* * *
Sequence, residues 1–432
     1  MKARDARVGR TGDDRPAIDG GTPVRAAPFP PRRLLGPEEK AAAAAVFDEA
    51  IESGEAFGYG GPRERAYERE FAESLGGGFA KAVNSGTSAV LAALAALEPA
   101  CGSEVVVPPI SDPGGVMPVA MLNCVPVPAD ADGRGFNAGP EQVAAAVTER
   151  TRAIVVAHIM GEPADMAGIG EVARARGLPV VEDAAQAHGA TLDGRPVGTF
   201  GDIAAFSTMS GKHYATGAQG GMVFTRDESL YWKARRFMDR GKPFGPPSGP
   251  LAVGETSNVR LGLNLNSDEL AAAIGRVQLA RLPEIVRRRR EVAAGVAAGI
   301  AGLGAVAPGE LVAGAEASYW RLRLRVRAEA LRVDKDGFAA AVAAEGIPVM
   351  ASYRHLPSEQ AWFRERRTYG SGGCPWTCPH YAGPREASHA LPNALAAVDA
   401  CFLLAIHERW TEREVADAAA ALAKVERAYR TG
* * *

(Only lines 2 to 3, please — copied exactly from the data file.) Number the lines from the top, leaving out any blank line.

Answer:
     1  MKARDARVGR TGDDRPAIDG GTPVRAAPFP PRRLLGPEEK AAAAAVFDEA
    51  IESGEAFGYG GPRERAYERE FAESLGGGFA KAVNSGTSAV LAALAALEPA